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5 from 4 votes

Marinara Sauce AKA Neapolitan Sauce AKA Napoli Sauce AKA La Salsa

Here's something I didn't know! Marinara sauce, to Americans, is kinda-sorta not really properly named! In most all other countries "Marinara" includes seafood! (hint hint: marine)

Because this site isn't totally geared for American audiences (even though about 90% are from the US), various UK, Australian and other English speaking countries (not sure about Canada ... they might call it the same thing as the US). Hey, Canada! Does the word "marinara" invoke thoughts of seafood, or the dipping sauce that goes with your mozzarella sticks? Inquiring minds want to know!


The sauce that most Americans know as "Marinara" is actually more in line with "Neapolitan Sauce", harking from Naples, Italy. Funnily enough, if you were an American in Naples and asked for "La Salsa", you'd get Marinara!

It's sort of like how every other country calls soccer "football", except the US, where we have an entirely different game we call football.

Back to the story at hand ... Napoli Sauce is basically a tomato based sauce, cooked with tomatoes and onions. That's about it!

This is also a chance to talk a little bit about canned San Marzano Tomatoes. Legend has it that the first San Marzano tomato seeds were a gift from the King of Peru to the King of Naples sometime during the 1770s. These seeds were then planted near the city of San Marzano in the shadow of Mount Vesuvius. From these seeds, crossbreeding and careful selection led to the current day San Marzano tomato.

Sometimes legends lie. The reality is far murkier, with the first actual "printed" mention of San Marzano Tomatoes appearing in an American agricultural book put out by the USDA mentions them in cans, in 1894. In 1902, some Italian documents mention that they are a cross between 3 other varieties: King Umberto, Fiaschella, and the Fiascona.

What IS true is that true San Marzano Tomatoes are grown in the volcanic soil of Mount Vesuvius near Naples, Italy. They are harvested when ripe, as the sun goes down. They are sweet, fleshy, high in pectin (thicker sauces), low in seeds, bright red and easy to peel. Oh! And, they look like an elongated Roma Tomato.

The primary reason for San Marzano Tomatoes being such a big deal is, they are reliable and delicious. When it's not summertime and amazing local tomatoes are not available, these sweet tomatoes, canned at their absolute peak, are the way to go. Many Chefs will do a little happy dance for the real thing. For TRUE San Marzano Tomatoes, from Italy, look for the DOP seal, indicating "Designation of Origin". Seeds have travelled outside the region and are also canned, but they are not grown in the same soil, or picked by the same standards. So, while many canned "San Marzano Tomatoes" are actually spawned from the same seed ... they are not the same thing. Buyer beware.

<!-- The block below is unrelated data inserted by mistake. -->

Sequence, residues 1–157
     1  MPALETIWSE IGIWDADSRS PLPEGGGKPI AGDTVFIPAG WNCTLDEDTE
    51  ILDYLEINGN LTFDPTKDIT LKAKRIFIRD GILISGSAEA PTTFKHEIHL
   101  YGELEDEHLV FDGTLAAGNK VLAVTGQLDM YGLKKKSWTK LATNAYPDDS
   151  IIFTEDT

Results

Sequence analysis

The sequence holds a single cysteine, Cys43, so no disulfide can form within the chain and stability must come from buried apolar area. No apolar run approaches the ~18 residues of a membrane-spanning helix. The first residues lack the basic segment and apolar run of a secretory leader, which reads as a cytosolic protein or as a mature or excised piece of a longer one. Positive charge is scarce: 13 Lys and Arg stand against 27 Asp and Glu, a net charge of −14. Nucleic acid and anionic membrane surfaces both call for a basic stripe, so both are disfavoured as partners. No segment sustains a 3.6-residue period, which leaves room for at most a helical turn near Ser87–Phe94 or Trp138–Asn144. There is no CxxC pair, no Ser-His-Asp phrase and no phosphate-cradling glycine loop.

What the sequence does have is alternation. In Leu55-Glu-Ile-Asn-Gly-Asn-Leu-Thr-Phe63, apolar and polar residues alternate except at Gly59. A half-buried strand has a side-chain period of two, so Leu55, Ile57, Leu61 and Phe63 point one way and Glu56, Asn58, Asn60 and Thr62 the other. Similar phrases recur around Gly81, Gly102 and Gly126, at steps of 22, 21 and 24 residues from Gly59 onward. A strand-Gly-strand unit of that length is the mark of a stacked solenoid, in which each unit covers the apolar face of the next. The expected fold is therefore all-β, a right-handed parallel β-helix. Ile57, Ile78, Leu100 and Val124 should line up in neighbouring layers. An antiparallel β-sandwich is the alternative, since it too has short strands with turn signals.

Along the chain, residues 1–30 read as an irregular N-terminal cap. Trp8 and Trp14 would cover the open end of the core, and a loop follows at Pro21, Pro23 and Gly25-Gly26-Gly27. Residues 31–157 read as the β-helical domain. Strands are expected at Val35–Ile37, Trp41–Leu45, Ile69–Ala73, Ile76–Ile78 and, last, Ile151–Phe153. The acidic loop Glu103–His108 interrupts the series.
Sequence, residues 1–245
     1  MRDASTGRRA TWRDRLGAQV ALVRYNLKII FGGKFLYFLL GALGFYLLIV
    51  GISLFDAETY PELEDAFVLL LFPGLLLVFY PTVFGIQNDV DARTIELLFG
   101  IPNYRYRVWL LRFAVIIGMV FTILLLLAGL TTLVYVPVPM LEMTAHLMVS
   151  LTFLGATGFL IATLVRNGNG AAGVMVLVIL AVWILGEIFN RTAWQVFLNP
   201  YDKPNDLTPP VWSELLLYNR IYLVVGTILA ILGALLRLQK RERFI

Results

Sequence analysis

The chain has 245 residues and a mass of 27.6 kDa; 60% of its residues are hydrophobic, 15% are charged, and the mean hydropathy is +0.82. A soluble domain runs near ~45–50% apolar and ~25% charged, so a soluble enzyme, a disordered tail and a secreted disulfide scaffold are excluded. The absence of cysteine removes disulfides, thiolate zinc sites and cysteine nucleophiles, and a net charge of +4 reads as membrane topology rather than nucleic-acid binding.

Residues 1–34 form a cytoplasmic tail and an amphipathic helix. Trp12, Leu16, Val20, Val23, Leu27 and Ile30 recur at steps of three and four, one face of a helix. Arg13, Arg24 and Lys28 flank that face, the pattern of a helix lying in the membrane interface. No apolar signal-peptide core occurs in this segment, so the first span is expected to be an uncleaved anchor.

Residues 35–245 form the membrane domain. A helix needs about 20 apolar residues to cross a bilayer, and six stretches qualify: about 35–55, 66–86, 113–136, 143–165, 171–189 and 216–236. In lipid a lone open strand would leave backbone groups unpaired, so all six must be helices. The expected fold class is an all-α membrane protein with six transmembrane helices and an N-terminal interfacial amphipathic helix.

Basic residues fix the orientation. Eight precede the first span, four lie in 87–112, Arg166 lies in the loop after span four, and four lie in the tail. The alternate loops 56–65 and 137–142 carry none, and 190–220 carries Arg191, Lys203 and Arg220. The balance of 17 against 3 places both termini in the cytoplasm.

Two suggestions for purchasing online ... Strianese Whole Peeled D.O.P. San Marzano Tomatoes – These are true canned tomatoes, imported from Italy. As of these writings, they are $10.40 US, per can. YIKES!

Carmelina 'e San Marzano Italian Peeled Tomatoes in Puree - This is what I use. These are from the same source, have no added flavors and are packed in puree, rather than sauce. The end result is tasty, sweet and not watered down. Sure, they're not TRUE San Marzano's, but they're close enough and at less than $3.00 US per can, I'm willing to sacrifice a tiny difference in quality ... for a canned product.

Note: Pictures are taken with Chicken Nuggets.
Prep Time5 mins
Cook Time3 hrs
Total Time3 hrs 5 mins
Servings: 8 Servings
Calories: 41.43375kcal
Author: DJ Foodie


  • 1 tbsp extra virgin olive oil
  • 1 small onion diced
  • 4 each garlic clove cut into thin rings
  • 1 28-oz can san marzano tomatoes
  • 16 leaves fresh basil hand torn
  • salt and pepper to taste


  • In a medium sized sauce pot, add your oil and place on the stove over medium-low heat. Watch the pot, so you don't burn the oil. Extra virgin oil burns really quickly and will make everything taste like a burned oil.
  • THE MOMENT you see the surface of the oil ripple just a tiny bit, or become thinner, like water, as you roll it around the pan, add your garlic and onions, with a little salt and pepper. Stir until translucent and aromatic (about 5 minutes).
  • While the onions and garlic are sweating, open your can of San Marzano's and dump them into a large salad bowl. With both hands, grab each tomato and squeeze it. It will squish and become one with the puree. Do this to all the tomatoes, to create a thick and chunky tomato puddle.
  • Once the tomatoes are properly squooshed, pour them into the pot with the translucent garlic and onions.
  • Let the sauce simmer away until it is the appropriate consistency. I was in a bit of a rush when I made the batch in the photos, resulting in some of the water separating out. It's still tasty, but it could've simmered longer.
  • Allow to simmer for upwards of 3 hours, over very low heat. Season with salt and pepper (tomatoes can take a lot of salt, so you can add a little more than may feel natural).
  • Finish by stirring in some fresh hand torn basil, at the last minute.
  • Serve!


Serving: 8g | Calories: 41.43375kcal | Carbohydrates: 6.27375g | Protein: 0.89875g | Fat: 1.5075g | Fiber: 1.76625g